Tagore was a voracious reader. He had many European friends and he used to get books and important other writings from different corners of the world, especially Britain, apart from his friends in India. He took interest in different social movements in Europe and read books about those. In 1892, Tagore wrote an article in the Bengali periodical ‘Sadhana’. He wrote in this piece about the social movement in Europe led by the socialists and mentioned that the British papers writing extensively on these meant something of revolutionary importance might be happening. He commented also that in recent period, the Roman Catholic Church had also been cosy to the socialists. He gave the example of Vatican head Pope addressing a group of French workers and sharing their woes.
In this Sadhana article, Tagore mentioned about an article of Ernest Belfort Bax (1854-1926) on socialism and explained how the workers were being exploited and there was need for protests against the employers. Significantly, Bax was the one who wrote on life and teachings of Marx in 1881 during the lifetime of Marx. Marx died in London in 1883.. It is not known whether Tagore read in details about Karl Marx or Lenin. But he had very clear ideas about what were the issues involved.
In 1929, Soumendranath Tagore, related to Rabindranath met the poet with his Bengali translation of ‘Communist Manifesto’. Soumendranath translated it as ‘sadharan Sattabadi’s Istehar’ in Bengali. Tagore was not happy with this Bengali rendering, it is learnt. But when another prominent leader of the CPI met him and wanted to know what should be the correct translation of ‘proletariat’ in Bengali, he suggested ‘atmasrambanchitasreni meaning the class deprived of their own labour.. This was more accurate as against Sarbahara which the communists were using then and still this remains.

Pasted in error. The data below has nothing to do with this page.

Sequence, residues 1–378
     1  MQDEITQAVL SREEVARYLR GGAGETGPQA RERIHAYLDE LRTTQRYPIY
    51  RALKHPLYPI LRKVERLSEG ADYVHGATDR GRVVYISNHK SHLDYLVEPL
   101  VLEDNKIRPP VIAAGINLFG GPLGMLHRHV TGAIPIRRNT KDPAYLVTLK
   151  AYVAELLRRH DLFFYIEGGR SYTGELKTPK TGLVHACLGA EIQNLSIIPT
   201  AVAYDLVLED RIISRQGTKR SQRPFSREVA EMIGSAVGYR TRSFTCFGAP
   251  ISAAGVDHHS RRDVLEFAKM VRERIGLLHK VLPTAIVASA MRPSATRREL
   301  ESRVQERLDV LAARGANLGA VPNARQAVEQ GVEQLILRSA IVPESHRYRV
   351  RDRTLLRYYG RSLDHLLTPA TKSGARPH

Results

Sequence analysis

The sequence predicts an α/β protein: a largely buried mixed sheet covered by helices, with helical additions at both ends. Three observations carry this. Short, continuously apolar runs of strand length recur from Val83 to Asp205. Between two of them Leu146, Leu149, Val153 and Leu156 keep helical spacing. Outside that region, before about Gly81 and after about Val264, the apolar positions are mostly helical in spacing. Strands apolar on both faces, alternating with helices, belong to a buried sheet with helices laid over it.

Tagore visited Russia in 1930 and all his impressions are there in his famous ‘Russiar Chithi’ in Bengali. He was ecstatic about the educational advances and especially the freedom women were getting. But at the same time, he was unhappy at the curbs on the individual liberty. He favoured a socialist system with full freedom of expression and individual rights. He told many of his close aides including Prof Prasanta Chandra Mahalanobis who was his secretary for some time that by curbing human rights, a fair society is not possible.
In the last decade of his life, especially in the second half of 1930’s Tagore got more and more interested in global developments, especially in Europe. He had undergone some embarrassing moments in Italy due to his misjudgement about Italian dictator Mussolini and his aides. From then onwards, he was very careful. He monitored the developments in the tumultuous days of 1930s with the coming to power of Hitler in Germany. He dreamt of a fusion of the best of East and West, but the developments in Europe from the days of the rise of Hitler pained him.
In his’ Crisis of Civilisation’ piece, he said ‘ All over Europe, barbarism has bared its bloody fangs striking terror in every human heart even as an epidemic of repression rears its ugly head from inside the very core of western civilisation’. According to Tagore ‘As I look around, I see the crumbling ruins of proud civilisation strewn like a vast heap of futility’. But the poet who had been nursing the hopes for a just society since his childhood, was not losing his optimism. He said ‘Even in this darkest hour, it is a grievous sin to lose faith in man’.
That was his last message three months before his demise. After long 82 years, the message remains relevant though the battle for a just society has become tougher more and more in India as also in many other nations. But then the battle has to continue as hope in human beings is eternal. (IPA Service)